ncp for TB
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ASSESSME NT Objective - pale in appearance - dyspnea - uses accessory muscles when breathing - productive cough - RR=41 cycles per minute
DIAGNOS IS Ineffective airway clearance related to ineffective cough
After 8 hours of nursing intervention s, the patient's secretions will be mobilized and airway will show decreased in secretions
Independent: • Assess airway for patency.
• Auscultate lungs for presence of normal or adventitious breath sounds, as in the following: o Decreased or absent breath sounds o Wheezing o Coarse sounds
RATIONALE >Maintaining the airway is always the first priority, especially in cases of trauma, acute neurological decompensation, or cardiac arrest.
>These may indicate presence of mucus plug or other major airway obstruction. >These may indicate increasing airway resistance. >These may indicate presence of fluid along larger airways.
• Assess respirations; note quality, rate, pattern, depth, flaring of nostrils, dyspnea on exertion, evidence of splinting, use of accessory muscles, and position for breathing.
>Abnormality indicates respiratory compromise.
• Assess changes in mental status.
>Increasing lethargy, confusion, restlessness, and/or irritability can be early signs of cerebral hypoxia.
• Assess cough for effectiveness and productivity.
• Note presence of sputum; assess quality, color, amount, odor, and consistency.
>Consider possible causes for ineffective cough (e.g., respiratory muscle fatigue, severe bronchospasm, or thick tenacious secretions). >This may be a result of infection, bronchitis, chronic smoking, or other condition. A sign of infection is
EVALUATION Effectiveness - Was the patient able to maintain patent airway? -Was the patient able to mobilize her secretions? -Was the patient able to have patent airway? Adequacy -Was all the planned nursing interventions are enough in achieving and maintaining patent airway? -Was all the resources of the nurse like time and effort are enough? Appropriaten ess -Was the interventions mentioned are applicable and beneficial to the patient?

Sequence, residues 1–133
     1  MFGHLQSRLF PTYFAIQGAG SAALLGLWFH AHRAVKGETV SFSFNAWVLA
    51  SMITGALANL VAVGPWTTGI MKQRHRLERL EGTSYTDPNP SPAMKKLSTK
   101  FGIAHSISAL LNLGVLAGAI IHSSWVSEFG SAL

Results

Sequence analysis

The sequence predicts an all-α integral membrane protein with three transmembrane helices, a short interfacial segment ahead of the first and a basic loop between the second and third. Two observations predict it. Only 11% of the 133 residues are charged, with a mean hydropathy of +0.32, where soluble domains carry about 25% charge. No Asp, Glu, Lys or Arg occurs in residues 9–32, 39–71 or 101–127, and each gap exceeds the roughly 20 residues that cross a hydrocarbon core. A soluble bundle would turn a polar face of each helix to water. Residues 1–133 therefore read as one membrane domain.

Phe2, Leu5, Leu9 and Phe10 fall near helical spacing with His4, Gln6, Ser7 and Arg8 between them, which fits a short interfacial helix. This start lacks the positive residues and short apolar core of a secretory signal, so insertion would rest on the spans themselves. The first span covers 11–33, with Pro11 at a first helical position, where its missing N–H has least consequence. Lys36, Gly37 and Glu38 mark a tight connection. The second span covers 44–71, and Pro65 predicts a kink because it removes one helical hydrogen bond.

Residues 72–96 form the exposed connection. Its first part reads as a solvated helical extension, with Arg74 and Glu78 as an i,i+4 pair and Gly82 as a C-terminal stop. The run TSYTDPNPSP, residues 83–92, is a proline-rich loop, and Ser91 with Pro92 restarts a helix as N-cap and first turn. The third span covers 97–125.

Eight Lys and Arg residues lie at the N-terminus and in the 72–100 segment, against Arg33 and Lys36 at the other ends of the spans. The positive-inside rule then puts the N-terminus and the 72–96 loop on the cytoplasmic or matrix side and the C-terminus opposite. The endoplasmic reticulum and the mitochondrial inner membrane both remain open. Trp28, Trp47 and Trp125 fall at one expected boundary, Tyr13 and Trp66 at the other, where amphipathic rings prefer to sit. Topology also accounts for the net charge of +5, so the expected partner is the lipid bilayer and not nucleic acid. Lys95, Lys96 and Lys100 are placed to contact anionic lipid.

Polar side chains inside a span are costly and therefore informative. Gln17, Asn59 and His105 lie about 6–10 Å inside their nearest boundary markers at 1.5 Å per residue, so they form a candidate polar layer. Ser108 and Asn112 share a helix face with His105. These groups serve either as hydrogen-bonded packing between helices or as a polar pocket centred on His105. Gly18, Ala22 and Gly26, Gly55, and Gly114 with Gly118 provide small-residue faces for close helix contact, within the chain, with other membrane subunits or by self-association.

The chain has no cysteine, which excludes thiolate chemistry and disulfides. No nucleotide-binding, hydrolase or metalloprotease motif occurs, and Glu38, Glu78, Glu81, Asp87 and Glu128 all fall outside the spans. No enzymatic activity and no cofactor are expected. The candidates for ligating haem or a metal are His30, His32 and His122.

Acceptability - Was the family willfully accepted the interventions done to the patient.
• Assist patient in performing coughing and breathing maneuvers. • Instruct patient in the following: o Optimal positioning (sitting position) o Use of pillow or hand splints when coughing o Use of abdominal muscles for more forceful cough o Use of quad and huff techniques o Use of incentive spirometry o Importance of ambulation and frequent position changes
discolored sputum (no longer clear or white); an odor may be present. >These improve productivity of the cough.
>Directed coughing techniques help mobilize secretions from smaller airways to larger airways because the coughing is done at varying times. The sitting position and splinting the abdomen promote more effective coughing by increasing abdominal pressure and upward diaphragmatic movement.
• Use positioning (if tolerated, head of bed at 45 degrees; sitting in chair, ambulation). • Encourage oral intake of fluids within the limits of cardiac reserve.
>These promote better lung expansion and improved air exchange.
• Demonstrate and teach coughing, deep breathing, and splinting techniques.
>Increased fluid intake reduces the viscosity of mucus produced by the goblet cells in the airways. It is easier for the patient to mobilize thinner secretions with coughing.
Dependent: • Administer medications: o Mucolytics (e.g. Guaifenesin)
>Patient will understand the rationale and appropriate techniques to keep the airway clear of secretions.
o Bronchodilators (e.g. Albuterol) Collaborative: • Consult respiratory therapist for chest physiotherapy and nebulizer treatments as indicated (hospital and home care/rehabilitation environments).
>Relieves respiratory difficulties by hydrolyzing glycosaminoglycans, tending to break down/lower the viscosity of mucincontaining body secretions/compone nts, thereby dissolving thick mucus. >Reduces resistance in the respiratory airway and increases airflow to the lungs. >Chest physiotherapy includes the techniques of postural drainage and chest percussion to mobilize secretions in smaller airways that cannot be removed by coughing or suctioning.